Paedophiles ‘casting net wide’ as sex crimes triple in Scotland

Paedophiles ‘casting net wide’ as sex crimes triple  September 29 2016

Figures released by Police Scotland show that in 2015/16 there were 645 internet child sexual abuse crimes recorded

Internet child sexual abuse offences have almost tripled in the past five years in Scotland as paedophiles increasingly turn to social media and smartphones in search of young victims.

The crime of taking, distributing and possessing indecent images of children has jumped by 186 per cent since 2010, new police figures show.

Figures released by Police Scotland show that in 2010/11 there were 225 internet child sexual abuse crimes recorded by police, but by 2015/16 this had risen to 645 offences. Child protection charities say that the internet is allowing sexual predators to “cast their net very widely” in their hunt for victims.

Alan Wardle, head of policy at the NSPCC, said that a greater confidence among victims to come forward and report offences had played a part in the rise in numbers but that there was also a growing threat online.

“I think there is now a much greater recognition that this is a serious crime and that it has serious consequences for its victims,” he said. “Predators are able to cast their net very widely online. They will fire out messages to children very widely and then try to lure them in, but there is also a problem of children taking images themselves and sending them to someone and it gets out of their control and ends up in the collections of paedophiles. There is an issue about the internet being able to meet the desires [of paedophiles] that wouldn’t have been possible before.”

Mr Wardle said that the police, internet companies and wider society needed to be “skilled up” about online security to deal with the rising problem.

Online child sexual abuse is a national threat — the reality is it is happening now

A recent investigation into Scottish crime figures revealed that 11.4 per cent of all sex crimes had a “cyber element”, of which a significant proportion involved children.

The report by Her Majesty’s Inspectorate of Constabulary in Scotland (HMICS) found that criminals were using social media networks such as Facebook, Twitter and Instagram to carry out attacks against children, including rape.

The HMICS crime audit detailed how an eight-year-old child received indecent images via a popular app on their smartphone.

Other crimes involved young children being coerced to view adults engaging in sexual activity via their phone, or being bullied into taking and sending indecent images of themselves.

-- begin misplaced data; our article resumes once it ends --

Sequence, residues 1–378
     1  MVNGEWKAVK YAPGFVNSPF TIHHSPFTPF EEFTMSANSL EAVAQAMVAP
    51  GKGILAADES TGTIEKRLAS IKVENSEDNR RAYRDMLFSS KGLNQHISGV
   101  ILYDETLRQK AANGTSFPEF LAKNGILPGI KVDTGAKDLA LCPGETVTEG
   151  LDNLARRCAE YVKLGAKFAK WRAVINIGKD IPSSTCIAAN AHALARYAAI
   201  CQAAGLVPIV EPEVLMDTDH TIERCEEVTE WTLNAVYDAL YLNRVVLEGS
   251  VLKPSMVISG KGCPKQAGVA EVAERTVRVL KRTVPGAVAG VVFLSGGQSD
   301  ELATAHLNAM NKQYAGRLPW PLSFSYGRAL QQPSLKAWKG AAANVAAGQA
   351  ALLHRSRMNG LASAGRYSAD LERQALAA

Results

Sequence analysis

Although many parents were aware of the need for internet restrictions on their home computer to protect their children, the report said it was “clear” that many of the sex crimes targeted at children were committed via apps on smartphones and tablets.

The true scale of the problem is hidden from view, however, because many are not recorded by the police.

The HMICS crime audit discovered that more than a quarter of cyber-related sex crimes did not result in a police report.

Highlighting the fact that many of the perpetrators are outside Scotland, and their actions are not recorded as a crime, it said: “This is a concern, given that statistics may be used to develop policy, resource policing and design victim support or education services.”

Police Scotland is aware of the increase in cyber-enabled crime and the risk of online sexual harm. In June and July this year it carried out Operation Latisse, a national initiative which focused on tackling online child sexual abuse.

By the end of July, it had resulted in 77 people being arrested and charged, the identification of more than 500 children, aged between three and 18, who were either victims or potential victims of online predators, as well as the recovery of 30 million images of abuse.

Malcolm Graham, the assistant chief constable (major crime and public protection), said: “Online child sexual abuse is a national threat — the reality is it is happening now, not only in Scotland but across the world, to children of all ages, from infants to teenagers. Operation Latisse was about shining a light on the scale of this issue — it was focused activity to tackle the many forms of online child sexual abuse by identifying those who pose a risk to children online and, more importantly, identifying victims of online sexual abuse and exploitation, as well as preventing more youngsters becoming victims.”